Garden Therapy Column – January 2018
This is the time of year when it is hardest for me to get excited about writing a garden column. After finally finishing (or not!) all of the tasks associated with the end of the season, I am inclined to wax on again about how much I love winter or at best how much I appreciate winter interest in the garden (hence the photo I took the other day of my garden exhibiting winter interest). Winter is a form of garden therapy, at least for me. I need this contrast to deeply appreciate nature’s full cycle. For the garden obsessed and landscape professionals it is nature’s way of saying “take a break”, “relax”, “do some indoor stuff and recharge your batteries”. I know this is not the same for everyone and plenty of folks feel deprived and depressed when the days get short and dark. If you are one of those, maybe you should come work with me for a season and then you would learn to fully appreciate winter!
So in lieu of being inspired to talk about seed catalogues or house plants, I am going to explore something that I often ponder: What is a garden anyway? This comes up for me because the term is used differently by people and in different contexts. It can get quite confusing. For instance, some of my colleagues refer to themselves as garden designers and I consider myself a landscape designer. To me garden design might imply something narrower and more confined than the creation of a functional and/or beautiful landscape only confined by property lines. On the other hand, I would never invite someone over to see my landscape, I would invite them to come see my garden, by which I mean my landscaped property (very confusing I know).
Meriam Webster fails miserably by defining garden in its first definition as: a: plot of ground where herbs, fruits, flowers, or vegetables are cultivated, b: a rich well-cultivated region and c: a container (such as a window box) planted with usually a variety of small plants. I am not even going to think about adding the second definition. It layers in the confusion of outdoor gathering places like beer gardens and large halls like Madison Square Gardens. Meriam’s definition is hopelessly focused on plants which would leave many Japanese and contemporary gardens out in the dark. Does that leave out moon gardens too J ?
I actually like Wikipedia’s take on it much better: A garden is a planned space, usually outdoors, set aside for the display, cultivation and enjoyment of plants and other forms of nature. The garden can incorporate both natural and man-made materials. I am leaving out some of the second definition type stuff, but it goes on to say: Most gardens consist of a mix of natural and constructed elements, although even very ‘natural’ gardens are always an inherently artificial creation. You go Wikipedia!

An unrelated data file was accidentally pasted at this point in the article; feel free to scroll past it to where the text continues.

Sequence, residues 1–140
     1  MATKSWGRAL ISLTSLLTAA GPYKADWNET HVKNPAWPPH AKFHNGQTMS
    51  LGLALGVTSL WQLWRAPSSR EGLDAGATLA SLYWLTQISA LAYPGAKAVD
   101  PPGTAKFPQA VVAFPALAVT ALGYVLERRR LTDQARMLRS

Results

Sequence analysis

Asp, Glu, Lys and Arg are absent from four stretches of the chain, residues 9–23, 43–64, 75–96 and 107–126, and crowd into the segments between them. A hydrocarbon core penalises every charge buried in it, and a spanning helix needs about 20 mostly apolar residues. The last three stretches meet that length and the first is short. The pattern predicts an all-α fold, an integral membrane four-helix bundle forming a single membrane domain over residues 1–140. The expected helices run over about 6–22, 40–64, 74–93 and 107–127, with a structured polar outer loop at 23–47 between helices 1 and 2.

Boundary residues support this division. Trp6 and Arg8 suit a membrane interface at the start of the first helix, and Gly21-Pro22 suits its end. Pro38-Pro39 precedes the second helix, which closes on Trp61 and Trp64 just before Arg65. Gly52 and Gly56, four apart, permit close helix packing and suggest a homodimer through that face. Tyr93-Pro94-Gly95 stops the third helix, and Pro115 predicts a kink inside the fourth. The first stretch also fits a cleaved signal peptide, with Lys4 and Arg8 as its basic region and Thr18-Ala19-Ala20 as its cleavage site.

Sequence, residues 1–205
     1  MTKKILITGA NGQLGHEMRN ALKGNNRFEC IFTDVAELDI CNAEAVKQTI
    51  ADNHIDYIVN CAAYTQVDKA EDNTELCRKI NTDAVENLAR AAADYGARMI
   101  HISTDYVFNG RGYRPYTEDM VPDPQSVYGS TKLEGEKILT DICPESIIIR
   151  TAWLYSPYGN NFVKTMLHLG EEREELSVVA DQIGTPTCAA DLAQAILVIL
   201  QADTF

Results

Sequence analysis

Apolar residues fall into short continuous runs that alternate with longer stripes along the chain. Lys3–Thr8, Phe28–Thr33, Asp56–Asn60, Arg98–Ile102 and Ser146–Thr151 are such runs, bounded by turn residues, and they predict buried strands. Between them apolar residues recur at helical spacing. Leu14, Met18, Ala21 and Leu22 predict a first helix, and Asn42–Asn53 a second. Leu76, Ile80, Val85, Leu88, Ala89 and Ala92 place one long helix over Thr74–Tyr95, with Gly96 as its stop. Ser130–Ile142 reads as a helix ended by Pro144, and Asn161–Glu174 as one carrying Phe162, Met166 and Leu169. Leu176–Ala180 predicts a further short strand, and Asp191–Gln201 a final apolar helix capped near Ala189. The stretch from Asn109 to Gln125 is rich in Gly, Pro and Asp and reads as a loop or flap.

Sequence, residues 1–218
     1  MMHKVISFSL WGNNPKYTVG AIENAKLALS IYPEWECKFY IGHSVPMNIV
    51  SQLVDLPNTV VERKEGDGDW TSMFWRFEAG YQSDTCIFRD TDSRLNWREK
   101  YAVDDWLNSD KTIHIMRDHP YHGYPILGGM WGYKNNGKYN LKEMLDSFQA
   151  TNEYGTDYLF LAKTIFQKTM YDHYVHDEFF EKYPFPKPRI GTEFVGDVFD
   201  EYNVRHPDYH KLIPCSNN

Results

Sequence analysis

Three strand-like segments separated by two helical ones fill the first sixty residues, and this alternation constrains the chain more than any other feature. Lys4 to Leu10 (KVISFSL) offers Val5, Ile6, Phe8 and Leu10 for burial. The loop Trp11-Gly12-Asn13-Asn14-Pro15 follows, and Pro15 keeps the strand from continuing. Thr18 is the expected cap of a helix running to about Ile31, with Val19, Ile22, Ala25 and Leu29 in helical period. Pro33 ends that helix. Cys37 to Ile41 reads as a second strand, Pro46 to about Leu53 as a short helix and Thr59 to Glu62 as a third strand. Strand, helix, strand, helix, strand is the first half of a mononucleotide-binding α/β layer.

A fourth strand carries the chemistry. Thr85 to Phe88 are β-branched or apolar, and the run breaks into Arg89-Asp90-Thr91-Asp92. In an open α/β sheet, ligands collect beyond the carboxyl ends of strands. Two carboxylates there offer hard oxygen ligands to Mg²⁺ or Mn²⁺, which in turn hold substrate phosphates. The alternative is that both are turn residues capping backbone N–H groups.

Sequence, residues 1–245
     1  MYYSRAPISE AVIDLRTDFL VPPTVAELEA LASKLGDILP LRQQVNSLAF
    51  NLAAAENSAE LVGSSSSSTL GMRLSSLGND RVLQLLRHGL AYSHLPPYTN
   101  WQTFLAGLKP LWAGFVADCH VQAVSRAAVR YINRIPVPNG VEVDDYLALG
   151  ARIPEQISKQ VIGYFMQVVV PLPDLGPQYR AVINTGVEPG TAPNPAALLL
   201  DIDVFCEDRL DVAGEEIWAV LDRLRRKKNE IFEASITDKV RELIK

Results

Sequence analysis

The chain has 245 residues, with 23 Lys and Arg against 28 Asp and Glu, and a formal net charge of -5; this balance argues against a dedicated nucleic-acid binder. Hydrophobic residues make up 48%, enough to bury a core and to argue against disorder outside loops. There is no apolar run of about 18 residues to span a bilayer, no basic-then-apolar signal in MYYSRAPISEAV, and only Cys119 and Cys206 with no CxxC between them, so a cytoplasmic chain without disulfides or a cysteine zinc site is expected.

My definition: A garden is a space in which man collaborates with nature to create an aesthetically pleasing, and/or productive, and functional result. My attempt may not be elegant but the main points that I feel are important in distinguishing a garden from the wild, or accidental interference by man, are the facts that it is planned, a collaboration with nature, and intended to look a certain way, evoke a feeling or produce food or something of value. I include the productive phrase because clearly, we can’t call a not-so-attractive vegetable patch with black plastic row covers and a functional fence something other than a garden (a farmlette?). I insist on intentional because the leftover scars from construction or a least resistance footpath to the door from the driveway does not make a garden even though it was created by man. The collaboration point has equal weight with the intentional in that nature with its fickle and uncontrollable force is definitely a part of any garden. The more collaboration and love that go into a garden the more garden-like it will feel.
I love the idea of taking a section of the wild and simply editing it to make it a garden. You can do this by pruning errant or dead branches to shape the trees and shrubs, cutting back or removing certain species (maybe invasive or maybe just not your cup or tea) to make a path or groupings more pleasing to the eye and generally effecting which plants have an advantage in their pursuit to thrive. Certainly, any garden left unattended will return to its wild state in time. Even a garden that has no plants with just rocks and perhaps man-made materials will eventually deteriorate without intervention by man. So much for the no maintenance garden so many folks ask for! Maybe all plastic and stainless steel? Probably not.
I don’t really like the Britannica’s definition of gardening either but there is a really great paragraph in the section called The Nature of Gardening. I am going to end with that because it feels right to me: Gardening in its ornamental sense needs a certain level of civilization before it can flourish. Wherever that level has been attained, in all parts of the world and at all periods, people have made efforts to shape their environment into an attractive display. The instinct and even enthusiasm for gardening thus appear to arise from some primitive response to nature, engendering a wish to produce growth and harmony in a creative partnership with it.